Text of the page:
I’ve been worrying about the motivations of the very media friendly, and column inch rich Enough Food IF campaign.
So what is campaigning or activism, and what makes it a success?
I didn’t get into campaigning as a wee young thing. At university my spare time was taken up working to pay for my books, food, train fares home. (And I received a full grant, I can’t imagine how students get by these days).
And also at university I was slightly distant from some of my more activist student colleagues. I was shy, I wasn’t 100% sure of my political leanings, and I didn’t want to be pigeon holed, limited or forced into acting in a certain way or adopting certain behaviours. Which may not be what student politics is, but it must have seemed that way enough to me that I was dissuaded from getting involved, even though I was studying politics as my degree.
I guess the problem I had then, which I still have now, is that I struggle when my opinions are constrained by outside forces. I am lucky enough to work in campaigning, which means I have learnt to temper some of my opinions in public, but then I’m being paid to be an activist.
If you wanted me to give up my time and act in favour of your cause for free, well, then I’d expect you to a) be aligned to my way of thinking and b) give me space to talk through my thoughts on the issue in question.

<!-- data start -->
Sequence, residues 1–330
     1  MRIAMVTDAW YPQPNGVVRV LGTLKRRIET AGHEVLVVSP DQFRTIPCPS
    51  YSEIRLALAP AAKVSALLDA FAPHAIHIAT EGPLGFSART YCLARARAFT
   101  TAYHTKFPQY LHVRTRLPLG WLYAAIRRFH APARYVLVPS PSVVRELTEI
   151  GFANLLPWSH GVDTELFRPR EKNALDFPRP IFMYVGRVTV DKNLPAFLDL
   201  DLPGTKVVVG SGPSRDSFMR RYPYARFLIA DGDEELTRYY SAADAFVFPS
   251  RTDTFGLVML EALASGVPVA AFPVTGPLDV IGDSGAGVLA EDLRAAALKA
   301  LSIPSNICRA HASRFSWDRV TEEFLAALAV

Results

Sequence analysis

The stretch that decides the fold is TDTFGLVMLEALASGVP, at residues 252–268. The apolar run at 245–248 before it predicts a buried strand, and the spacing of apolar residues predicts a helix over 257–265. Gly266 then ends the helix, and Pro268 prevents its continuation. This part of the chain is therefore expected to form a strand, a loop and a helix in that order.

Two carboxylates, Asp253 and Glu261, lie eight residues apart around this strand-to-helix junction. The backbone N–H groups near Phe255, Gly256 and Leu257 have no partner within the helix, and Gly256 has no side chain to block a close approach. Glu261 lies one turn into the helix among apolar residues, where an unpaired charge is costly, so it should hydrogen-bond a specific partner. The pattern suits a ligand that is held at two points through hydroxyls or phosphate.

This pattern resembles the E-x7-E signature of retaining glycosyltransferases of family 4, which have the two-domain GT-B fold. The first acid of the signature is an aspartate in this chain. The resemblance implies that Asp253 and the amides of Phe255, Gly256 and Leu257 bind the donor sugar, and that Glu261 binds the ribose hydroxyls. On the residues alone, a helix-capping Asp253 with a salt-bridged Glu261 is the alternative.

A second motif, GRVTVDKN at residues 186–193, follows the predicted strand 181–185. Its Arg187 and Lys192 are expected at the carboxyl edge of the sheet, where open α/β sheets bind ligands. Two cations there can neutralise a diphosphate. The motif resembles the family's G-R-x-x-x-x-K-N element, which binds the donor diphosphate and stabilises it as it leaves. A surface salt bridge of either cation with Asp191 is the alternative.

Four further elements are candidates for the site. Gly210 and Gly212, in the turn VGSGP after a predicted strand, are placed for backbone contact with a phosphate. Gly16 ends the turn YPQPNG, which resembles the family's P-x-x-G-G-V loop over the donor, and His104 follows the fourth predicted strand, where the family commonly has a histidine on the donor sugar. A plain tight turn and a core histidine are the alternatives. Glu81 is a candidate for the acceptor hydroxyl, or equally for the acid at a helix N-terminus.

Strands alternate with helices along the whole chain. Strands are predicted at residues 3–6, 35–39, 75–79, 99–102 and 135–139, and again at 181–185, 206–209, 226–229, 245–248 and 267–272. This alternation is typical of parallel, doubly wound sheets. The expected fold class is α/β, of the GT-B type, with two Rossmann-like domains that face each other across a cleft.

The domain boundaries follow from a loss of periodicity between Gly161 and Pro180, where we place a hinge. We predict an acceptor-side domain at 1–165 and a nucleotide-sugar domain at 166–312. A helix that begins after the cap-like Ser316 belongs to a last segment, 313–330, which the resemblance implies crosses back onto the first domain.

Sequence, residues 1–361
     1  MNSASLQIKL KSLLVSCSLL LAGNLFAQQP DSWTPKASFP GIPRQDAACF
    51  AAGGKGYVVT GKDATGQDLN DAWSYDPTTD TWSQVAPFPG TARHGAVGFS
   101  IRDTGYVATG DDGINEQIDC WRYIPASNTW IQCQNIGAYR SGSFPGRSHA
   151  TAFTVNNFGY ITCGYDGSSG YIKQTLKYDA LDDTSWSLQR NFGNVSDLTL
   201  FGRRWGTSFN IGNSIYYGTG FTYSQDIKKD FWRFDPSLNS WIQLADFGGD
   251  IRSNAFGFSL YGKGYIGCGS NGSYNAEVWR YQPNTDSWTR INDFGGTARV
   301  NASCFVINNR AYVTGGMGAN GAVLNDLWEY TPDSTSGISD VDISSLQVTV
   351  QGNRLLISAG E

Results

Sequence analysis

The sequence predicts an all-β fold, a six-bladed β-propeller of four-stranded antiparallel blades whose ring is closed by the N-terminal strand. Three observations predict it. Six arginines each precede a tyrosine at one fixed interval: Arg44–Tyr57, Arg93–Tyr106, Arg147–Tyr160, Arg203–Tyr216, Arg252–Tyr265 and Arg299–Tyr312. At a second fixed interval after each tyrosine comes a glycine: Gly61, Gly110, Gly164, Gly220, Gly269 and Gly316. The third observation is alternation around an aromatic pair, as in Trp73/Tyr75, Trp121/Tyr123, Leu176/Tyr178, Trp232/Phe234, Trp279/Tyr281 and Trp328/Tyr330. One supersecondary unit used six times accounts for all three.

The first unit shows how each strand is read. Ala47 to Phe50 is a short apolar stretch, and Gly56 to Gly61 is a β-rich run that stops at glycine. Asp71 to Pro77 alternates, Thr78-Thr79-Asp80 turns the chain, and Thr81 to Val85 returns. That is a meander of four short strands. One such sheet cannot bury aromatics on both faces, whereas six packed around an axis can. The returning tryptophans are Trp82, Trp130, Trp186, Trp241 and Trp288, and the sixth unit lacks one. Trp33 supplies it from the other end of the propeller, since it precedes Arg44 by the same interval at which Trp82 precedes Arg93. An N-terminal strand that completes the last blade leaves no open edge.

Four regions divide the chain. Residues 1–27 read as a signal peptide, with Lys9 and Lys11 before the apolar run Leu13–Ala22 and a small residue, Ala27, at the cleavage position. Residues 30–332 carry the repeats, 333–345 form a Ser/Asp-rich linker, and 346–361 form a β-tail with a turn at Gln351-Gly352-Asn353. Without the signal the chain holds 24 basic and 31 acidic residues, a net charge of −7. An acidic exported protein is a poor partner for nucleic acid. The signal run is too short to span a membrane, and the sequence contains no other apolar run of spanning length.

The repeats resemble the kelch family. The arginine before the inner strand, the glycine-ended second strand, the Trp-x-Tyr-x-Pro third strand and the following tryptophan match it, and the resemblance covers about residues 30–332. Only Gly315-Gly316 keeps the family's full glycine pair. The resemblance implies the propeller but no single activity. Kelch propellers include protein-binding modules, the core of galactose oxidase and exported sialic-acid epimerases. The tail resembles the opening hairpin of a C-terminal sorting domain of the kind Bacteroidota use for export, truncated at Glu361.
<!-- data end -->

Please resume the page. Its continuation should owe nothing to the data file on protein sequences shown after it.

And I think my overarching problem with much of todays campaigning is that you have to buy in to a lot more than the cause in question. Take the IF campaign. It sounds perfectly reasonable, and there are celebrities and big NGOs on board, what could there be to object to?
Well, its funded by the Gates Foundation, who earn millions from Monsanto, who are pretty much destroying insect life and ruining the lives of peasant farmers across the world. And, from what I read, there have been numerous discussions about how lovely it would be for the campaign to be active during the G8 visit to the UK so that David Cameron could make some positive noises about international aid.
I have no problem with the aims and objectives of IF, but I do have problems with their means.
Which brings me to my point. If the means you use to achieve your campaign ends are dirty, unethical or crowd-pleasing above end-resulting, then I have less time for you than I do for campaigns who strive and battle to work towards their goal without resorting to clicktivism or celebrities or easy stunts.
It’s my naive opinion I guess. But I want the campaigns I support to actually achieve change, not just column inches or sign-ups or celebrity endorsements.
Which is why I donate to the New Economics Foundation ahead of other organisations. As is often said but not acted upon – system change is the key to achieving real change. Not just tinkering at the edges or tweaking tiny aspects.
Call me cynical, I won’t argue.